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Celebrating our 140th Anniversary

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Rural Challenge

Friday 5th August 2016

Traditionally BB groups meet in the evenings in local churches. However in rural areas, some of these Companies have struggled to remain open due to small numbers of children, lack of funding and sustainable leadership.

The way forward

When The Boys’ Brigade and Girls’ Association agreed to partner with schools and parents in an initiative funded jointly by the Cabinet Office and Youth United, the Rural Challenge project came alive in Yorkshire and Mid/North Wales. That was in March 2015, and now over 200 children aged between 4 and 11 years have access to exciting activities outside of school hours.

Each week these boys and girls can engage in the BB programme, having fun with a range of activities in the areas of Body, Mind, Spirit, Creativity and Community. Eight groups have started up since the launch; Shotton, Ruabon and Brymbo in North Wales as well as Middleton Tyas, Brompton on Swale, Catterick, Scapegoat Hill and Bolton on Swale, in North Yorkshire.

Over 200 children have signed up since the first official group started in October 2015, which is amazing! That explosion of recruitment in just 9 months confirmed the obvious need in these areas.

The project developed its own logo and adapted this for its own uniform, a hoodie, an item which children could easily change into straight after school.

‘Rural Challenge is brilliant! I look forward to it every week. It’s fun and challenging.

Boy, aged 10, North Yorkshire.


‘This is just what my child needs and she is really looking forward to going to Rural Challenge.

Parent, North Yorkshire.

Central to the Community

Rural challenge is rooted in the community and works within schools. When approached for support, the schools have been amazing, providing facilities for an hour before or after school at no cost, and actively encouraging community participation. One Head Teacher even took a leading role to get the group up and running.

I would like to make the school a central hub in this community and this programme would help us start that.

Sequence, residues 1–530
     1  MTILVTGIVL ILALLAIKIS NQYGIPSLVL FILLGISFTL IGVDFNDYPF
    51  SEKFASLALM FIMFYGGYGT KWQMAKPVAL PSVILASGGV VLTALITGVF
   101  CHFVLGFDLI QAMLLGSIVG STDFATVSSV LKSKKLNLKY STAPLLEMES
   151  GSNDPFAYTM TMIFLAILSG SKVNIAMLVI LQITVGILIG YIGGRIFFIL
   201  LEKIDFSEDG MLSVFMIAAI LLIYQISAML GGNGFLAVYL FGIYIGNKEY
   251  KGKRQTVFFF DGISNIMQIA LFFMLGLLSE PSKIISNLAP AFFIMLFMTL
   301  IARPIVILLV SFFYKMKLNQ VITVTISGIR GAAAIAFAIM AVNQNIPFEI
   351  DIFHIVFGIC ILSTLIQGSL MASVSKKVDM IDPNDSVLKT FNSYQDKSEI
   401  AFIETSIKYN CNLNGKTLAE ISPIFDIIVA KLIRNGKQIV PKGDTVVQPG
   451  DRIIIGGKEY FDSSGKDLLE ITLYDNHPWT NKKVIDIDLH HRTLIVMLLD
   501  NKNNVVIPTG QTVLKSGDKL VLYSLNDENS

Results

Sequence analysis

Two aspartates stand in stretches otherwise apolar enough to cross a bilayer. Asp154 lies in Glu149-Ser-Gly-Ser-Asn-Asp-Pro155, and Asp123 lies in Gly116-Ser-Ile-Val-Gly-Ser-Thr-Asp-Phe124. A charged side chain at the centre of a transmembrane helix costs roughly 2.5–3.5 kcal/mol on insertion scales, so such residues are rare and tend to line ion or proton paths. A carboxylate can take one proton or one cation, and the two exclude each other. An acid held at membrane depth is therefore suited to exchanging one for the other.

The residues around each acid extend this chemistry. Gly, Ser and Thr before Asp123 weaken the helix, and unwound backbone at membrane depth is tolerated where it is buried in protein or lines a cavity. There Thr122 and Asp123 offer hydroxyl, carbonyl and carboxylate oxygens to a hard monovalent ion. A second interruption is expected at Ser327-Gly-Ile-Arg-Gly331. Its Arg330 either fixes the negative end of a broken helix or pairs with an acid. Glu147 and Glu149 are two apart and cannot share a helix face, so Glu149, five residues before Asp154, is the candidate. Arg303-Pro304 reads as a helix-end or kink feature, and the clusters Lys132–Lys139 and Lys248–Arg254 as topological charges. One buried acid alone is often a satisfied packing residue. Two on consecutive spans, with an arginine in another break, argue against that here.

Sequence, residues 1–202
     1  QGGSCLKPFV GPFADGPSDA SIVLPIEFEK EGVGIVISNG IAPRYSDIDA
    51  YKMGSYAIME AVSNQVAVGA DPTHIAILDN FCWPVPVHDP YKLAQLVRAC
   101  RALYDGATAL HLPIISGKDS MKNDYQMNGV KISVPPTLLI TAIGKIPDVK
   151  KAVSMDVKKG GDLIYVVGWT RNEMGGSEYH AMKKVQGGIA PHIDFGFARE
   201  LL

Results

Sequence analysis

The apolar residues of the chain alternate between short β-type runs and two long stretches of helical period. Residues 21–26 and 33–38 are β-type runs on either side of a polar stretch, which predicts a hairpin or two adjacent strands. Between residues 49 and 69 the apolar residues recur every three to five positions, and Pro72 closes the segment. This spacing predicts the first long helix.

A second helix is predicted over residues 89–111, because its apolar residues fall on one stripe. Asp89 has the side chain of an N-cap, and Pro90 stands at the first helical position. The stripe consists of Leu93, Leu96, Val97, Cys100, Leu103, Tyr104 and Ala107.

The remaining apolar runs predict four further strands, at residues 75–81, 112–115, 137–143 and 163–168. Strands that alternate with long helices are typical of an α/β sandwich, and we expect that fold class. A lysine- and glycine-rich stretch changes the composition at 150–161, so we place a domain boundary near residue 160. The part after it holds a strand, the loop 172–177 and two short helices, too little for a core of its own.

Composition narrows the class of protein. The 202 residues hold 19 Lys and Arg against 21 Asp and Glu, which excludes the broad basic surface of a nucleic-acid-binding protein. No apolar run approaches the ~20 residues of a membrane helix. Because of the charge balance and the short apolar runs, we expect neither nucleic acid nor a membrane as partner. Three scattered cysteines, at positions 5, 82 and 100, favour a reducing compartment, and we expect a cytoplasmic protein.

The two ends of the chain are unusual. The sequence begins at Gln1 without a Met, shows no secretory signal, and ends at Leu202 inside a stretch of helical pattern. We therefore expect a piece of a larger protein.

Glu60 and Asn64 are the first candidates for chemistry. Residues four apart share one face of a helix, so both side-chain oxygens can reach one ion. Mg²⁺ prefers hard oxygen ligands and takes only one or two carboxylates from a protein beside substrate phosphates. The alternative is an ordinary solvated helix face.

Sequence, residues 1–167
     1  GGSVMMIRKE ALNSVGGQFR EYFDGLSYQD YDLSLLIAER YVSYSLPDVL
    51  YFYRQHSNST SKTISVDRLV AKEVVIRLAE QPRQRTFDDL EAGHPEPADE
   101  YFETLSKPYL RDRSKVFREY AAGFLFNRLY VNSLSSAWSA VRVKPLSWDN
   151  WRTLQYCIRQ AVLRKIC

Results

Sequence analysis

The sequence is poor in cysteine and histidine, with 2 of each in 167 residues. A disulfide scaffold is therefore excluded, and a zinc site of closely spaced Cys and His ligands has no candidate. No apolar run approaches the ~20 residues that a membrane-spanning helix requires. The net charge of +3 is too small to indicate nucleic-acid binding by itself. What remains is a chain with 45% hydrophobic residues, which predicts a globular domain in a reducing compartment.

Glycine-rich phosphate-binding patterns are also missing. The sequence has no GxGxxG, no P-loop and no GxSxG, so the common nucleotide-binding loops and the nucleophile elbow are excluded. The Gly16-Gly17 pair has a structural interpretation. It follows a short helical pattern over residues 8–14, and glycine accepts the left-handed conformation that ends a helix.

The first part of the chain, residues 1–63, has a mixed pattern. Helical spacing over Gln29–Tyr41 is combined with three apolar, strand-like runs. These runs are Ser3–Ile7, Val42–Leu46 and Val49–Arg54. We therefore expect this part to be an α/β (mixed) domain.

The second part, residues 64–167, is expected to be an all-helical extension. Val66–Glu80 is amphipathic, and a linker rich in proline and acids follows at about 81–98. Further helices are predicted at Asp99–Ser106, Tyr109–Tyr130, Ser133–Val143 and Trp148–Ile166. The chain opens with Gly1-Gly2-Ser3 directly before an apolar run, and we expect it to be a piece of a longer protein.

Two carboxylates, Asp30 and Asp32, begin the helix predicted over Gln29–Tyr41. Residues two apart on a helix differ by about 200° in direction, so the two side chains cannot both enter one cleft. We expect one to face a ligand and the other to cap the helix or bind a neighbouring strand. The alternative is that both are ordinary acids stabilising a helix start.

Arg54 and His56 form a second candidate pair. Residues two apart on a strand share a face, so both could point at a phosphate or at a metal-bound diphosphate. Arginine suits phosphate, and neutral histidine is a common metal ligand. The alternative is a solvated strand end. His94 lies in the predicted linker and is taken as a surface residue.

Head Teacher, North Wales

Making it all possible

Although the Rural Challenge project provides employed Children’s Workers directly funded by the Cabinet Office, the groups rely substantially on volunteers recruited from local churches and parents in the community. Incredibly, there are currently 44 volunteers who make this work possible and they are the key to its success! Like all forward thinking initiatives, recruitment is ongoing to ensure the groups are sustainable. One recently recruited volunteer was an ambassador for the National Citizenship Service and after graduating, chose to help his community by investing time into the Rural Challenge project.

‘We tried running a club similar to this before and whilst it generated much interest, it was hard to maintain with limited leaders. Rural Challenge provides an opportunity for us to give this another go, but this time with the support from The Boys’ Brigade and Girls’ Association along with Youth United funding, we really can establish something special.

Leader, Yorkshire

Getting about

Some children travel long distances just to get to school, so the chances of these children coming home and travelling again, to be part of a BB group, is reduced. Buses are often organised by the school so children from surrounding villages can attend groups at the end of the day. When this is not possible parents create a rota to pick up and drop off children so no one misses out. For children attending different schools there is an allocated project minibus available to ensure outreach and engagement with children and young people from an even wider area.

This village has been crying out for something like Rural Challenge for years! Our children have had to travel some distance to access clubs like this in the past. I think it will be a great success!

Parent, Scapegoat Hill, West Yorkshire

Supported by the local Church

Each group has its own Chaplain, a minister from a local church. These sponsors aid with recruitment of volunteers but also have the important task of leading devotions and bible story times.

This is a great opportunity to encourage local children to have fun and access the local church facilities in the longer term.

Church Minister, North Yorkshire

What’s next

A large part of the success of Rural Challenge is its ability to tap into local resource and involve the wider community. It’s good to see these new groups looking for opportunities to give back in simple ways, such as litter picks around their schools. The BB is keen to see the project grow further, expanding into even more schools and reaching a wider geographic area whilst continuing to focus on the sustainability of the project. And the obvious potential to progress and work with the over 11’s is always on the horizon. Rural Challenge has a bright future! Please continue to pray for its success and capacity to outreach to young people in rural areas.

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